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A developed community is identified by its education standard: Maulana Fazlurrahim Mujaddidi

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LUCKNOW, January 27 (Pervez Bari): A community’s development and progress is generally is assessed by the parameter or factor of education it is armed with. The community which is highly educated and qualified and the illiterate population in its fold being at the minimal is considered to be as most advanced and well established in society.
The above view was expressed by noted Muslim cleric Maulana Mohammed Fazlurrahim Mujaddidi, chairman of SEE, (Strive for Eminence and Empowerment), which is a New Delhi-based organisation working for the educational uplift of Muslims. He delivering a lecture via a Power Point presentation on the theme of “Assessing Governmental Schemes for Minorities” in the training programmes organised for the Principals of minority managed educational Institutions in India at the Integral University in Lucknow (UP). A similar lecture was delivered sometime back at Hyderabad in Maulana Azad National Urdu University, (MANUU), by Maulana Mujaddidi on the same topic.
This programme was organized under the scheme of Pandit Madan Mohan Malaviya National Mission on Teachers and Teaching (HRD Ministry, Govt. of India). The Short Term Course on Academic Leadership was organised by the Centre of Academic Leadership and Education Management of Aligarh Muslim University’s UGC HRD Centre.
Maulana Mujaddidi said that Muslims are the most backward community in terms of education and as such their backwardness is visible in all spheres of life, be it social or economic. While other communities have progressed in leaps and bounds but Muslim community has lagged behind in development. This stunning reality was revealed explicitly in the Sachchar Committee Report in 2006 which said Muslim community’s condition has slipped downwards unabatedly since India’s Independence and has nose-dived to be placed worse than the Dalits now.
Quoting Justice Ragunath Mishra Commission Report, the Maulana pointed out that students drop out in Muslim community which has 65.31 per cent presence at the Primary level is 3.6 per cent at the Graduation level with a dropout percentage plummets to 61.71. In between at the Secondary and Senior Secondary levels the presence is 10.96 per cent and 4.53 per cent only and the dropout rates being 54.35 per cent and 60.78 per cent respectively. This steep slide in standard of literacy rate is the root cause of all round backwardness among Muslims, he opined.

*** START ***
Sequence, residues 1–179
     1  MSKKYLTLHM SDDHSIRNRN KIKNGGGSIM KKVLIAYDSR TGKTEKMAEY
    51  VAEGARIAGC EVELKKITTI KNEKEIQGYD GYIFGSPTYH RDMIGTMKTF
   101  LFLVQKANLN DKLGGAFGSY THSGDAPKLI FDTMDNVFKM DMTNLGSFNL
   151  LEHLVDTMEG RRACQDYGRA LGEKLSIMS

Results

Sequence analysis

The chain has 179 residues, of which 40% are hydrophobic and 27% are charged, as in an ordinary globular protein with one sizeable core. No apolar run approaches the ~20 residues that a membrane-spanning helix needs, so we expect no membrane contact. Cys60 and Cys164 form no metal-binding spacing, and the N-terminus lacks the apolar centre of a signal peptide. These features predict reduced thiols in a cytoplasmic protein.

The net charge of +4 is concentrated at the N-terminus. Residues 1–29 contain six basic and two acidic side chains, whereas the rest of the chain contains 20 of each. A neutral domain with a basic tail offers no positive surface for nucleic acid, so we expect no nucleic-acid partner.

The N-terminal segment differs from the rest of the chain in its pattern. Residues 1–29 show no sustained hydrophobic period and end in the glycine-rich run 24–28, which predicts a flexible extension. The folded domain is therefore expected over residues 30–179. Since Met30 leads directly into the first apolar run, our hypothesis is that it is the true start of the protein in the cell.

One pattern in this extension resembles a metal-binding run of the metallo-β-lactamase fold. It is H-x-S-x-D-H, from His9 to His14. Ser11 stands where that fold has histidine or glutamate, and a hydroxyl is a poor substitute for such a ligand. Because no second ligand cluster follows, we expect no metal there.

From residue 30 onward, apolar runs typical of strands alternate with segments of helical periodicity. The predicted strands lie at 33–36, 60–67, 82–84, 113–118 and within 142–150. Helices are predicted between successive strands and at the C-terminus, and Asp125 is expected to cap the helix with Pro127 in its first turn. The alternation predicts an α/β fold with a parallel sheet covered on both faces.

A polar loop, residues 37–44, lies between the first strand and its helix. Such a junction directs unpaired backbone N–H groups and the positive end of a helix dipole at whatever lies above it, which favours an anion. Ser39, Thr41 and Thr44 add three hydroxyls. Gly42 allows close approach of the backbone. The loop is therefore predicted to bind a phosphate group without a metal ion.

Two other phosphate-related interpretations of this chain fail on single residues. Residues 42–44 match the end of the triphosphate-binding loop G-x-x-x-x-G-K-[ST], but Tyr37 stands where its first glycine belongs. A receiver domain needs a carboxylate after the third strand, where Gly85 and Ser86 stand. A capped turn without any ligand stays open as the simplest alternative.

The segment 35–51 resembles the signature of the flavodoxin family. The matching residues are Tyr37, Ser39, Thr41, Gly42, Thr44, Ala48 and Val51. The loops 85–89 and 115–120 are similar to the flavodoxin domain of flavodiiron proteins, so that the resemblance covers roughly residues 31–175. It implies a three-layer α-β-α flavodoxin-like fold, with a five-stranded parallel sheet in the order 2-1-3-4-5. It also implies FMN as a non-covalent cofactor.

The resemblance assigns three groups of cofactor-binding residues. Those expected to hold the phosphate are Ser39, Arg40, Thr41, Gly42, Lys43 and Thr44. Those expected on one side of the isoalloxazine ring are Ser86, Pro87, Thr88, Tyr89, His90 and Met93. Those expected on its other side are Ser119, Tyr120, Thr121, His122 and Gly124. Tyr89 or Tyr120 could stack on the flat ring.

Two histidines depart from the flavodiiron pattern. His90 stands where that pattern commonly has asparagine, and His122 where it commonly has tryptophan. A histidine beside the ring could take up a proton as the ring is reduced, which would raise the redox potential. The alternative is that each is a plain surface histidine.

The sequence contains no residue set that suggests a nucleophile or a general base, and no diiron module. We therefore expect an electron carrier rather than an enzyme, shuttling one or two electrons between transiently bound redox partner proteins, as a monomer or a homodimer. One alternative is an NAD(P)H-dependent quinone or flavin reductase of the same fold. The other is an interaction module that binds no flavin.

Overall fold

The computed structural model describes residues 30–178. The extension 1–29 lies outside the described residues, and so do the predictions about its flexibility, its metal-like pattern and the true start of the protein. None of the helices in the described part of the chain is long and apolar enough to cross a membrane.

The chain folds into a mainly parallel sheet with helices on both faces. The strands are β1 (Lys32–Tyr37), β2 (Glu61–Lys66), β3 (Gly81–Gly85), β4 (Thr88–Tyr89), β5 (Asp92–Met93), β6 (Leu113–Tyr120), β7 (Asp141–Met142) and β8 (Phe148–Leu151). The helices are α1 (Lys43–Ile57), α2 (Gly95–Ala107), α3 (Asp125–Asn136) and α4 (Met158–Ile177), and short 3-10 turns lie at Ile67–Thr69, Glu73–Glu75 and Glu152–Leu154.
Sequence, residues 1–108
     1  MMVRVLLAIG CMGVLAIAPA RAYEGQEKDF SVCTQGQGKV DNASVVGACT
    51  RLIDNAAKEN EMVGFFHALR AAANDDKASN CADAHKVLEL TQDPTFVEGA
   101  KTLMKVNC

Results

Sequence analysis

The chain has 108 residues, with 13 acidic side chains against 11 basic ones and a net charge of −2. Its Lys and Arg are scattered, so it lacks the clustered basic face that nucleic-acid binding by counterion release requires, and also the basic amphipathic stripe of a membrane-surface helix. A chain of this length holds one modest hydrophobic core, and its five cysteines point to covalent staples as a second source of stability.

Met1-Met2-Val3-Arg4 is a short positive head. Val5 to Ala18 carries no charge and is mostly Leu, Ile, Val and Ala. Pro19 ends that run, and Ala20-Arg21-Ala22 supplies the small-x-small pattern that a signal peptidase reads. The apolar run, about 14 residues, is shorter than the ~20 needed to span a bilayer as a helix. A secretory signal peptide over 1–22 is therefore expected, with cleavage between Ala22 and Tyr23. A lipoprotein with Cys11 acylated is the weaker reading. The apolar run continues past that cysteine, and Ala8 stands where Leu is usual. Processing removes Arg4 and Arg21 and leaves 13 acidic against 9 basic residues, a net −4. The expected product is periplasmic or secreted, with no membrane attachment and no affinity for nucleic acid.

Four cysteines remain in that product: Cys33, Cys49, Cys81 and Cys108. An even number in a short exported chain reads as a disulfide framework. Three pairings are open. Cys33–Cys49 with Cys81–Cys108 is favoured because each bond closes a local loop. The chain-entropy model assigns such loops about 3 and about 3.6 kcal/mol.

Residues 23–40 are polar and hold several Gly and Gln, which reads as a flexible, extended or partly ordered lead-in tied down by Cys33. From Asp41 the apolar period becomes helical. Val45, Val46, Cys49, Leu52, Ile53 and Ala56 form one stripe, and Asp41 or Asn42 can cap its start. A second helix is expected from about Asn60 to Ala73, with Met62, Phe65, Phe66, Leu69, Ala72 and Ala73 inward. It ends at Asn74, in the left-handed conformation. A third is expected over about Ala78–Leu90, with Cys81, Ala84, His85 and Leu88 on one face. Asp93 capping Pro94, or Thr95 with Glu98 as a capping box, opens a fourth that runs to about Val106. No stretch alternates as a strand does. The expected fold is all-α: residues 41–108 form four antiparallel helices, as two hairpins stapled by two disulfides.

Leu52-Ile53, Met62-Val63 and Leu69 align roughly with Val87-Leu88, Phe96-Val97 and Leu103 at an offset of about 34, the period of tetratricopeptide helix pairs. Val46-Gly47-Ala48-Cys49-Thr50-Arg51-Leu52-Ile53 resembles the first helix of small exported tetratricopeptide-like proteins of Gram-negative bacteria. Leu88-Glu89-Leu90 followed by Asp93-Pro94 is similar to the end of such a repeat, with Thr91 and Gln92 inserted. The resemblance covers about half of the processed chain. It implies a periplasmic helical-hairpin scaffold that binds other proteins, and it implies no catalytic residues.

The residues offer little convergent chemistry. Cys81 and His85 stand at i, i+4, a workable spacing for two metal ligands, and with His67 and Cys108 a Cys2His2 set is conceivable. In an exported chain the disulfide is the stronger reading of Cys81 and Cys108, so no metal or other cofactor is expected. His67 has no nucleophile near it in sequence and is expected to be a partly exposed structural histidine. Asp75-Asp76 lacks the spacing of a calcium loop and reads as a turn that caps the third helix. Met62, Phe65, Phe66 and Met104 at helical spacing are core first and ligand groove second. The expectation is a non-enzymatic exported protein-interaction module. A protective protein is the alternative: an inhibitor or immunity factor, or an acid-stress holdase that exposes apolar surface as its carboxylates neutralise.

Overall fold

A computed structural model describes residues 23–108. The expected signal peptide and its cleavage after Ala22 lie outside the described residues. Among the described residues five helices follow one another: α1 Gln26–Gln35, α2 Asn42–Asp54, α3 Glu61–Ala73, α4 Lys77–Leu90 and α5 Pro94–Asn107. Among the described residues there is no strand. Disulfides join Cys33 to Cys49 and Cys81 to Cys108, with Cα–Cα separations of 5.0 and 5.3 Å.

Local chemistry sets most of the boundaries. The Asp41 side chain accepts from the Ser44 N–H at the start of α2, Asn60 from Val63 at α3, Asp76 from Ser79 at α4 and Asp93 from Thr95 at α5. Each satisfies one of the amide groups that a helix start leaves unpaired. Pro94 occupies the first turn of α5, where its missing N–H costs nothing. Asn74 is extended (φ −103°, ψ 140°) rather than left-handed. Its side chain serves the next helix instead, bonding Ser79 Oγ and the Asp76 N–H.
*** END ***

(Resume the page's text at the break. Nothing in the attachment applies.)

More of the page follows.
Maulana Mujaddidi said all over the world the norm is that wherever any section or group of society lags behind and becomes backward educationally, socially and economically as compared to other developed communities then the government of the day brings in special package to uplift and bring it at par with others so that it remains a part of the main stream. This is done because if any section remains insulated then the overall development of that country as a whole becomes victim of backwardness. As such without lifting Muslims from the morass of illiteracy and poverty India can never become a developed nation and its cherished desire to be a Super Power would remain a pipe dream, he underlined.
He said that Muslim children take admission in Primary schools in large numbers. However, their dropout rate being very high their number plunges abysmal depths at the graduation level. One of the main reasons for this is the financial health of Muslims being very poor. Citing figures from the Sachchar Committee Report, he said that 55 per cent of Muslims, whose wards are intellectually capable, can spend only about Rs.0-500/- per month on education; 35 per cent only Rs.501-1,000/- per month while only 10 per cent of them are in a position to shell out Rs.1,000 + per month on education pursuits. The average household MPCE (Monthly Per Capita Expenditure) is a proxy for income and reflects the living standard of a family.
In such a scenario it is very difficult for ordinary Muslims to arm their children with the jewel of knowledge. The 10 per cent bracket group can only get their wards admitted in institutes of higher learning but for this mindset is very much necessary which many a times is not there, he stated.
It may be noted here that Maulana Mujaddidi, who was a member of the Steering Committee of the Planning Commission, played a stellar role in the formulation of 12th Five-Year-Plan (2012-17) vis-à-vis the welfare of minorities, especially the Muslim community. As a result the recommendations submitted by his NGO SEE to the Planning Commission was accepted and included virtually verbatim in the 12th Five-Year-Plan draft.